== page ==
The USS Guardian ran aground in another Tubbataha atoll on Jan. 17 and was removed on March 30 after being dismantled and lifted piece by piece by a crane to prevent more damage to the coral reefs.
The US Pacific Fleet said last week it had relieved the commanding officer, the executive officer and navigator, the assistant navigator and the officer of the deck of the Guardian after initial findings indicated all had failed to adhere to standard navigation procedures at the time of the minesweeper’s grounding.
Washington has been asked to pay $1.5 million for the 2,345 square meters of coral reef damaged by the minesweeper in Tubbataha, Songco said, adding the US Embassy was notified of the fine on Monday.
US Embassy officials have expressed regret and promised to compensate for the damage.
8 other ships
At least eight other vessels have run aground in Tubbataha in past years, including a Greenpeace ship which accidentally got stuck in the corals in 2005 while studying the impact of global warming on coral reefs. Greenpeace officials expressed regrets and paid a fine, Songco said.
Under Section 87 of the Fisheries Code, foreigners caught poaching in Philippine waters faced a fine of $100,000, in addition to the confiscation of their catch, fishing equipment and vessel. An administrative fine of between $50,000 and $200,000 may also be imposed, according to the law.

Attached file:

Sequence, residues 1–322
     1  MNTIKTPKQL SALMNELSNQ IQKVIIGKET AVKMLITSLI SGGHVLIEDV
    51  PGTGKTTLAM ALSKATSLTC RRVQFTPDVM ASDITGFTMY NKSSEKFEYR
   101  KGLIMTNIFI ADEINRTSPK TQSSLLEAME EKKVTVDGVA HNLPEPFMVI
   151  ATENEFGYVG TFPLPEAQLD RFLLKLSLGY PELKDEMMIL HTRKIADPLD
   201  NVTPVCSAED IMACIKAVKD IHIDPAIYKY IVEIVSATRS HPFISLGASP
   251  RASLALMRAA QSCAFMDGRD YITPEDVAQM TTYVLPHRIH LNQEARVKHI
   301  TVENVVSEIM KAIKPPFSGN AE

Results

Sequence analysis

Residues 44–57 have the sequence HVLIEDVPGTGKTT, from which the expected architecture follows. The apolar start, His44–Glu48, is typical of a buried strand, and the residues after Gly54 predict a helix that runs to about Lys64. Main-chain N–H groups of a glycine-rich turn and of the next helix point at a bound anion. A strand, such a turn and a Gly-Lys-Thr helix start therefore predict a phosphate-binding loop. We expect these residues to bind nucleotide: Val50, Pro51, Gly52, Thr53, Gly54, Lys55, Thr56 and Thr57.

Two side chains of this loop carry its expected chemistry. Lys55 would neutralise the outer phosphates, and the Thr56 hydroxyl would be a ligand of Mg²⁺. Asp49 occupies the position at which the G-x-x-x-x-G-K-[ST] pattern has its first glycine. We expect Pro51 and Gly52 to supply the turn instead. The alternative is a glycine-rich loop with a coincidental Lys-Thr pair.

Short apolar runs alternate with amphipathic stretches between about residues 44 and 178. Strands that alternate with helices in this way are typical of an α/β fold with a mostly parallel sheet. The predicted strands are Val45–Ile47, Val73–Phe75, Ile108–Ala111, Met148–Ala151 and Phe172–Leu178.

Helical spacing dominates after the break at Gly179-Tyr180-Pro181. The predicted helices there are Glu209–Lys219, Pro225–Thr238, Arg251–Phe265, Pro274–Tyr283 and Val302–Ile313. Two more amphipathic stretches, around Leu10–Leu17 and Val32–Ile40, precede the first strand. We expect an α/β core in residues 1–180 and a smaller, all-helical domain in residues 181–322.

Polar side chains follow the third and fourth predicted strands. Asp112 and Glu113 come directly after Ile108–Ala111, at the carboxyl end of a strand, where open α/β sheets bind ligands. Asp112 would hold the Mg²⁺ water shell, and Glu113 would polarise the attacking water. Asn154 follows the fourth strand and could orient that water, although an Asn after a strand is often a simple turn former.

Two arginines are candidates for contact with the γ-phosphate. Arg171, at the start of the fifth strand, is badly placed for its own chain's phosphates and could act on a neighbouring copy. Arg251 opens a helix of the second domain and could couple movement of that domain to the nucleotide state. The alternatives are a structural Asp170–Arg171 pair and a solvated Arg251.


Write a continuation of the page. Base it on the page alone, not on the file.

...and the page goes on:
Songco said the radar used by park rangers to detect intrusions into the protected area was open only every three hours.
“It can’t be used the whole day as it consumes a lot of energy. Between those three hours, we can’t always monitor intrusions,” she said.
“With Chinese vessels, even in the past, they don’t answer on the radio. If we try to communicate with them, they don’t answer. Sometimes, they even block the radio,” she said.
“There was no marine life, except dried fish. There are nets, but no catch. But according to Tubbataha law, if a foreign vessel enters, it’s considered prima facie evidence, so poaching is the case to be filed against them, even without a catch,” Songco said.—With reports from Marlon Ramos, Norman Bordadora, Michael Lim Ubac, Jerry E. Esplanada and AP
Originally posted: 10:18 am | Tuesday, April 9th, 2013